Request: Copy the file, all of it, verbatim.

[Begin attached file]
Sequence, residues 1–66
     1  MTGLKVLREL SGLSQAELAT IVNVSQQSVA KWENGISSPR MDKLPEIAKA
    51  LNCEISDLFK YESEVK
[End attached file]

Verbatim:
Sequence, residues 1–66
     1  MTGLKVLREL SGLSQAELAT IVNVSQQSVA KWENGISSPR MDKLPEIAKA
    51  LNCEISDLFK YESEVK